In a mill that uses world-class engineering and technology to produce quality pulp and paper products that are sold around the world, Novriadi said safety is always the first priority. A warning letter from him is given for anyone ignoring safety instructions.

For each delivery to the warehouse, Lita could be carrying around Rp 5 million worth of paper products on her forklift machine. (Photo courtesy of RAPP/Reza Amirul Juniarshah) For each delivery to the warehouse, Lita could be carrying around Rp 5 million worth of paper products on her forklift machine. (Photo courtesy of RAPP/Reza Amirul Juniarshah)

A forklift driver like Lita typically earns more than the regional monthly minimum wage in Pelalawan, which this year is set at Rp 2.35 million.

For Lita, who has lost her father, the job is not just important to support her family's income, but also her pride.

"I have to support my mother and five siblings. I have a brother, but he is working odd jobs in a plantation, not enough to support the whole family," she said.

But when asked how she feels about her job, Lita smiled.

"Not every woman can drive a forklift. Some people in my hometown don't even know what a forklift is," she said with a laugh.

Lita said she had to beat 52 other applicants to drive the forklift at RAPP.

"It feels different to driving a car since it's the back wheels that you have to control and maneuver. Maybe it feels like when you drive your car in reverse," Lita said.

The funny thing is, even though she has been driving a forklift for more than a year, Lita still does not know how to drive a car.

Lita has been driving a forklift for more than a year but, ironically, she still does not know how to drive a car. (Photo courtesy of RAPP/Reza Amirul Juniarshah) Lita has been driving a forklift for more than a year but, ironically, she still does not know how to drive a car. (Photo courtesy of RAPP/Reza Amirul Juniarshah)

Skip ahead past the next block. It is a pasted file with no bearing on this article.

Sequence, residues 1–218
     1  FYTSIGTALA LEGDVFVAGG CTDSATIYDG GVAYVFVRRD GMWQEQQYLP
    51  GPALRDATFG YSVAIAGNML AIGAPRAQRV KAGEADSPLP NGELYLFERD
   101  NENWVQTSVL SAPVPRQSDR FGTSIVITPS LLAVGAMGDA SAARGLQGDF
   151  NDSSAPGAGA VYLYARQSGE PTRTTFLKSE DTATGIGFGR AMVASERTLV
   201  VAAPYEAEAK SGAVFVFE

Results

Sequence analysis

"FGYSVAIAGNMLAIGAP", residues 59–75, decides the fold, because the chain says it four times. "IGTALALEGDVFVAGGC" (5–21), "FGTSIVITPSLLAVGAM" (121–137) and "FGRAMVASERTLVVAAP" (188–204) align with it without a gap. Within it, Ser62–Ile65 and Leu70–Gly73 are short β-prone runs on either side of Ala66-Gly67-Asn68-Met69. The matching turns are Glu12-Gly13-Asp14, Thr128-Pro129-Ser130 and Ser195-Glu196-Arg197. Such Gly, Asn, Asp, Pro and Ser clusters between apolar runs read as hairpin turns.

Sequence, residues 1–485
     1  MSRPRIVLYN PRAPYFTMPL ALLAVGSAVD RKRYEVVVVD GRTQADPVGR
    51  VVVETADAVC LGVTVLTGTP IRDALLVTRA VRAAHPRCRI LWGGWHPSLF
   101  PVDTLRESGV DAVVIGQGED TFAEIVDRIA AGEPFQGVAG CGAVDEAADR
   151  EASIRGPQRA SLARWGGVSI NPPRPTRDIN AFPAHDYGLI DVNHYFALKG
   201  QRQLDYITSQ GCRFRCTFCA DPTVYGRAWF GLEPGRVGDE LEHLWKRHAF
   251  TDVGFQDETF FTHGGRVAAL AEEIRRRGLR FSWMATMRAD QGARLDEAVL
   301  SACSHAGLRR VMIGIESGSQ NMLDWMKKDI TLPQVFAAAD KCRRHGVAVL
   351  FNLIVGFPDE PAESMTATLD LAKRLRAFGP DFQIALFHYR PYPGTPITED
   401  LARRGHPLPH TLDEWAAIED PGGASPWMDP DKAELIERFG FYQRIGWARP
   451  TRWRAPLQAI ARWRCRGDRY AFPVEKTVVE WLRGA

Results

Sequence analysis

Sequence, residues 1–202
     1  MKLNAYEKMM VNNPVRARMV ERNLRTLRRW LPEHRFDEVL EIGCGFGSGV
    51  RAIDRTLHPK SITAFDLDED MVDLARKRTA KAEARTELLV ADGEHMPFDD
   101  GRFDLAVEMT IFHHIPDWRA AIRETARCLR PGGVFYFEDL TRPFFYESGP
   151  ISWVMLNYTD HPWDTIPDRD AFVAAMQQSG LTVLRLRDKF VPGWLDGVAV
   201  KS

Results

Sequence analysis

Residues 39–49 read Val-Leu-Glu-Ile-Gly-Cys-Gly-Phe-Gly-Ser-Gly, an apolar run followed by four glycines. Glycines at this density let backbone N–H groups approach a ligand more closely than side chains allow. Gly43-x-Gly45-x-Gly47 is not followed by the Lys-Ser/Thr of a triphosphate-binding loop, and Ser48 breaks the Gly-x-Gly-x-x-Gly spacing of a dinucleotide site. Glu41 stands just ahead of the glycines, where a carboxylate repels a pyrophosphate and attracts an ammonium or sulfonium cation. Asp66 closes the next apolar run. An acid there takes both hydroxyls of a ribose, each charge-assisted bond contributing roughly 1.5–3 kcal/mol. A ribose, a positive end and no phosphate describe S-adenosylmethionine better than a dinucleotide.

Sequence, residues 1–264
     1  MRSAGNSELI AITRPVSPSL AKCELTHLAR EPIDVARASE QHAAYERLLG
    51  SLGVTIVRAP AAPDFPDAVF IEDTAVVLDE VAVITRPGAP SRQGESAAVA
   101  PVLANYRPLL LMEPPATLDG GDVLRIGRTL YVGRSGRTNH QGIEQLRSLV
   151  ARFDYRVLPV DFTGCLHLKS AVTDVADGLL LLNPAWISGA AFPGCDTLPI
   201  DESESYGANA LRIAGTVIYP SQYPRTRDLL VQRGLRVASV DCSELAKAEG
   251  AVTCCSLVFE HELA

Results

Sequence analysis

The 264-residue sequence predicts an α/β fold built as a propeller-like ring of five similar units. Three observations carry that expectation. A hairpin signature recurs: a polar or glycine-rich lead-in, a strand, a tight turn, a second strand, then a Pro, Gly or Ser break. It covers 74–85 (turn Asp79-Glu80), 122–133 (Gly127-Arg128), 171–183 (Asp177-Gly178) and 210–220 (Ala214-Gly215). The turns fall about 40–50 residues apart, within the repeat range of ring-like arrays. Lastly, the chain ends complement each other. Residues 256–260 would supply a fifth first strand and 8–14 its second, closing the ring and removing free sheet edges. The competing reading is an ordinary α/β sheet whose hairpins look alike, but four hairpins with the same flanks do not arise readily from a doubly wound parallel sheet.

Driver of Local Economy

Lita, who grew up in Sering, a village in Pelalawan, said RAPP's presence has benefited her community a lot.

"I still remember when Sering didn't have electricity," Lita said.

Now, electricity produced by the manufacturing complex can also be enjoyed by the local community, including Lita's village, which is located near the complex.

"It is something that you can be proud of, to work here," she said, adding that the local community has also enjoyed the company's other contributions to its infrastructure, especially roads, which have been very useful.

Having been in the area for more than 22 years, the APRIL Group now serves as the main economic driver for the region where it operates its pulp and paper mill, which is one of the biggest in Southeast Asia.

Local government data show there were only 200 households in Pangkalan Kerinci when the company started its operation.

Today, the town has become the district's capital and home to 150,000 people. April Group now contributes 6.9 percent of Riau’s non-oil-and-gas GDP.

The company's data show it employees 5,500 workers directly and 20,000 indirectly in its forest plantation. The company has had a multiplier effect in Riau's employment rate, having so far created 90,000 job opportunities in various areas.